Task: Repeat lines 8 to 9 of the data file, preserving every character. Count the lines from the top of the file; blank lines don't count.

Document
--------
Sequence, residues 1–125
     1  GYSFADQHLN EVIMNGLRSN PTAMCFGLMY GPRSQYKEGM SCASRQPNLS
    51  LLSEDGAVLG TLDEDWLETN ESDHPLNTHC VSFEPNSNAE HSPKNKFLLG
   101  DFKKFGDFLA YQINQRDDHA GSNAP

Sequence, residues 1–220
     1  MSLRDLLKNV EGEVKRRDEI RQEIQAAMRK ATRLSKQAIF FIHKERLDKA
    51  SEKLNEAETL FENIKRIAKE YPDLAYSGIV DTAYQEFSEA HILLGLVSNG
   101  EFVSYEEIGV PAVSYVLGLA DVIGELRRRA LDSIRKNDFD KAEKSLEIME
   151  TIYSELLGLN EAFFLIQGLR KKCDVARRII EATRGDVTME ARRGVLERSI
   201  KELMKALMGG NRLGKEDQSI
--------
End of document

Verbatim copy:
   101  EFVSYEEIGV PAVSYVLGLA DVIGELRRRA LDSIRKNDFD KAEKSLEIME
   151  TIYSELLGLN EAFFLIQGLR KKCDVARRII EATRGDVTME ARRGVLERSI